Speaker Jeanne Jackson, president, product and merchandising, Nike, calls the consumer relationship to its brand "incredibly strong and emotional globally," and notes that the company thinks of these shoppers constantly, vowing to "connect consumers with products they love," whether that be aspirational items such as a limited edition Kobe Bryant sneaker or through shop-in-shop concepts within other retailers like Finish Line and Foot Locker.

For Nike, technology is used to bring the consumer deeper into the Nike product experience, utilizing video content that the new shopper can then share.

Whole Foods Market and its co-chief executive officer, Walter Robb, on the other hand, is very much concerned with its internal culture, values and the customer experience on a perhaps more traditional level.

"We are at a major crossroads in retailing–first for technology, secondly in challenges to serve the customer, third is to be relevant within your own four walls and fourth we need to improve the customer experience," he said.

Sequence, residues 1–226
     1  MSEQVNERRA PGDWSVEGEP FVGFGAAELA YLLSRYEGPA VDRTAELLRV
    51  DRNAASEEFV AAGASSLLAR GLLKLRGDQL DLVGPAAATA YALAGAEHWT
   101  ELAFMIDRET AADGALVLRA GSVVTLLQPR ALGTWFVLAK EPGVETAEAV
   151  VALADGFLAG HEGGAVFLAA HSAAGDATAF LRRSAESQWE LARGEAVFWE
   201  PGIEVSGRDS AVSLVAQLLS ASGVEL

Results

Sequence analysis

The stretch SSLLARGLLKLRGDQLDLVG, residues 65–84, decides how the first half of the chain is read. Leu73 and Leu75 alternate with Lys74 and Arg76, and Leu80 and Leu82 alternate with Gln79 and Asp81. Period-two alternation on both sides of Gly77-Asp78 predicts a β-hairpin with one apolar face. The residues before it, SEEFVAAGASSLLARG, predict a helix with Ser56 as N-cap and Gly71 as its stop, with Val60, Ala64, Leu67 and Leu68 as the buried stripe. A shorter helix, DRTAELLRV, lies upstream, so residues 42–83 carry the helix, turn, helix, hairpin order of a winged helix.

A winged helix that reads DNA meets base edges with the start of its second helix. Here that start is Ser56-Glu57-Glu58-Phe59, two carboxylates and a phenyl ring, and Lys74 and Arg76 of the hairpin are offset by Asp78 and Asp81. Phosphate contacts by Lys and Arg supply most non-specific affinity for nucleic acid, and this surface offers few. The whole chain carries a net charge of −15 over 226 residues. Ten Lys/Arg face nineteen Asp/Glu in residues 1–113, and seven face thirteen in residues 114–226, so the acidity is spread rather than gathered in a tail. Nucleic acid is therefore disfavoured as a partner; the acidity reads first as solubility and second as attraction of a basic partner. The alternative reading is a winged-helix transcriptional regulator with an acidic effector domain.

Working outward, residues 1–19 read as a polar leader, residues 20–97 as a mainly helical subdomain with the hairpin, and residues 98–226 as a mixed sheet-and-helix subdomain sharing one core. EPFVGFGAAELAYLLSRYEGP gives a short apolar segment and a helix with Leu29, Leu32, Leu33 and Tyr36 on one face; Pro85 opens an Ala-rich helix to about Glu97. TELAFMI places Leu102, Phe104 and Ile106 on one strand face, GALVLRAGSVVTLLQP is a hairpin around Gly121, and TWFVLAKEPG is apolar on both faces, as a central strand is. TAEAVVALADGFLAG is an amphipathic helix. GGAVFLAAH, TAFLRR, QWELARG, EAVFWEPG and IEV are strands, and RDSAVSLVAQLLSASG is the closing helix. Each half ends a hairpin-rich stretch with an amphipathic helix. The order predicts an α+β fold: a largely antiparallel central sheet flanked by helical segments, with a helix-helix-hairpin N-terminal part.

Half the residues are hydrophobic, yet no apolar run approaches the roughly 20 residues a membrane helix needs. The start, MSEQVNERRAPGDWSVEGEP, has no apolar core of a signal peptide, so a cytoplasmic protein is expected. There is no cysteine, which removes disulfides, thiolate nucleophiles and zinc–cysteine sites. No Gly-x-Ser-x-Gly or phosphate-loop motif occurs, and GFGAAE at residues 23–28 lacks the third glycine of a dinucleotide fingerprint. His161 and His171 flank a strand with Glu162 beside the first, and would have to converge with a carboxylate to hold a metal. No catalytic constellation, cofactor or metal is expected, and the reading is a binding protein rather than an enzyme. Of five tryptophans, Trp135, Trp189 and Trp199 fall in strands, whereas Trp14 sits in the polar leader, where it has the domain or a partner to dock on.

Whole Foods participates in a strategy it calls "conscious capitalism," which emphasizes core values, stakeholder integration, conscious leadership and a conscious culture and management. This approach, said Robb, manifests itself in a thriving internal culture that organically lends itself to innovation and is thus passed off to the customer who ultimately benefits.

Of course more traditional retail models will continue to thrive, so said the Global Retailing Conference's additional speakers which included Bobbi Brown, founder and chief creative officer, Bobbi Brown Cosmetics; Blake Irving, founder and chief executive officer of Invemed Associates, co-founder and financial backer, The Home Depot; Kevin McKenzie, global chief digital officer, Westfield Group; and Harvey Kanter, president, chief executive officer and chairman of the board, Blue Nile.